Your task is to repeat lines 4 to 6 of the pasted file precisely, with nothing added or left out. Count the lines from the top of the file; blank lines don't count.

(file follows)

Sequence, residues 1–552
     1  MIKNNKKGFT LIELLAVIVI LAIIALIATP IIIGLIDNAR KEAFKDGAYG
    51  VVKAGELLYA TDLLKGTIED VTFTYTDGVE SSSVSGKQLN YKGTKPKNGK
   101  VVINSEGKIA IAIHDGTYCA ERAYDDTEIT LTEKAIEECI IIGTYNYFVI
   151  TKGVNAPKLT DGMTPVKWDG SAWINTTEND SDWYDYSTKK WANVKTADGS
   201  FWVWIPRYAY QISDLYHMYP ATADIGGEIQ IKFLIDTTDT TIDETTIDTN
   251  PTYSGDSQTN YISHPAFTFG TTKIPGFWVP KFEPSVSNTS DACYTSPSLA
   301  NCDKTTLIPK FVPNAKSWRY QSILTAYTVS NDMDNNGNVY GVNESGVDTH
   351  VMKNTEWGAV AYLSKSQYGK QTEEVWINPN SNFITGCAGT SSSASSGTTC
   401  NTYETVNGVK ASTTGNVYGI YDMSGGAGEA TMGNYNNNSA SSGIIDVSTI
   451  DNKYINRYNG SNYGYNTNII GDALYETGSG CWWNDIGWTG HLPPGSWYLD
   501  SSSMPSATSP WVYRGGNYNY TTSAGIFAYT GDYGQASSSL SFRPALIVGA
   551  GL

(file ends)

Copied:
   101  VVINSEGKIA IAIHDGTYCA ERAYDDTEIT LTEKAIEECI IIGTYNYFVI
   151  TKGVNAPKLT DGMTPVKWDG SAWINTTEND SDWYDYSTKK WANVKTADGS
   201  FWVWIPRYAY QISDLYHMYP ATADIGGEIQ IKFLIDTTDT TIDETTIDTN